Br. Miguel Castro
Life seems to be full of hope. A hope which has as its object desired states of life we want to possess: the perfect job, the perfect income, the perfect lifestyle... the perfect life. History has never seen such a time, in which man can do so much, reach new heights, yet reality paints another picture. Why then is our reality so far removed from the expected state of humanity?
Archbishop Fulton J. Sheen, dedicated an entire chapter on "Hope" in one of his books on the Seven Last Words of Our Lord on the Cross, titled "The Seven Virtues". "True hope" (the virtue, not the emotion), he says, "must be rooted not in the future of time, but beyond the tomb of eternity". The Despair (the contrary of hope) of the world presumes a root not adequate for the kind of hope, the kind of "something to hold on to", all of humanity longs for.
We have so far removed our faith in God from our lives that we no longer hope for eternal things, but instead gamble all on this world. The problem of this shift lies in that man was created for eternity, but we are settling. We are settling for the pleasure of the senses. Meanwhile our spiritual appetite is left morbid, in a permanent fast of true spiritual life. Living for the pleasures of the senses – sensuality – "produces continuous disillusionment". Bishop Sheen explains that because sensual pleasures must be repeated [and even augmented] constantly for satisfaction to last, we enter into a state of dissatisfaction and develop a sense of deceit about our lives and the world. After we perceive to have been fooled, we enter into despair.
Human beings are a composite – made up of body and soul. Even pagans recognized this! Therefore, we have a sensual appetite (proper to the body) and we have a spiritual appetite (proper to the soul). Which is the most important for man's perfection and happiness? The spiritual appetite. When we focus mostly on things pertaining to the body, the sensual, man kills his capacity for the spiritual, resulting in a distaste for what completes him.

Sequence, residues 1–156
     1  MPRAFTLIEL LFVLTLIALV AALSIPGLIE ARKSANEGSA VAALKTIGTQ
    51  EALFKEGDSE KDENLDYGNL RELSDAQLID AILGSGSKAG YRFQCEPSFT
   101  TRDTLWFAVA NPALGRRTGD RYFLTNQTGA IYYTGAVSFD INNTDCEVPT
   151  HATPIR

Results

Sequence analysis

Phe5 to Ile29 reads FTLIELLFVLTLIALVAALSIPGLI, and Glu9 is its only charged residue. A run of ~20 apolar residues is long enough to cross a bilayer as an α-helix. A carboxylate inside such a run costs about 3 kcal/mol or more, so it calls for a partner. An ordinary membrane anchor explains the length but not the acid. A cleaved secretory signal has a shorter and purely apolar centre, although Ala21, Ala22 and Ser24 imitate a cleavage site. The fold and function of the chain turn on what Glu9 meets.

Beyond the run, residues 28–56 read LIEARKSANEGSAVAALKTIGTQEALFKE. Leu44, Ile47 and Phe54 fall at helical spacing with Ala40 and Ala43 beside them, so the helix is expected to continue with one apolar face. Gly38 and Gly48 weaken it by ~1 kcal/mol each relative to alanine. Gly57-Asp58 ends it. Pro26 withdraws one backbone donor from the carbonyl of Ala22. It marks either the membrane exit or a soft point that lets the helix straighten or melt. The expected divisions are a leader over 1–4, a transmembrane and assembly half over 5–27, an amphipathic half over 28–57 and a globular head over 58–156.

When we speak of hope, we imply love. If we love spiritual things, we will seek them and rejoice in them; but if the object of our love is placed on loving our corporeal side, our soul is deadened and we lose satisfaction in duty, family, work, profession, pure sacrificial love, and most of all, God.
In removing God from life, man also removes the purpose for his existence, and removes the motivation to live: life becomes meaningless after being deceived continuously. The "Good Thief" found hope on the Cross, the central cross; his own cross then had meaning. Seeing the world could not make satisfaction, he turned to Him who prayed for His executioners and found hope, asking to be remembered. That day he received paradise. Paradise received him.
Let us as the Psalmist reject the falsity of the world:
Psalm 16 - God the Supreme Good
Keep me safe, O God; in you I take refuge.
I say to the Lord, you are my Lord, you are my only good.
As for the holy ones who are in the land, they are noble, in whom is all my delight.
They multiply their sorrows who court other gods.
Blood libations to them I will not pour out, nor will I take their names upon my lips.
Lord, my allotted portion and my cup, you have made my destiny secure.
Pleasant places were measured out for me; fair to me indeed is my inheritance.
I bless the Lord who counsels me; even at night my heart exhorts me.
I keep the Lord always before me; with him at my right hand, I shall never be shaken.
Therefore my heart is glad, my soul rejoices; my body also dwells secure,
For you will not abandon my soul to Sheol, nor let your devout one see the pit.
You will show me the path to life, abounding joy in your presence,
the delights at your right hand forever.
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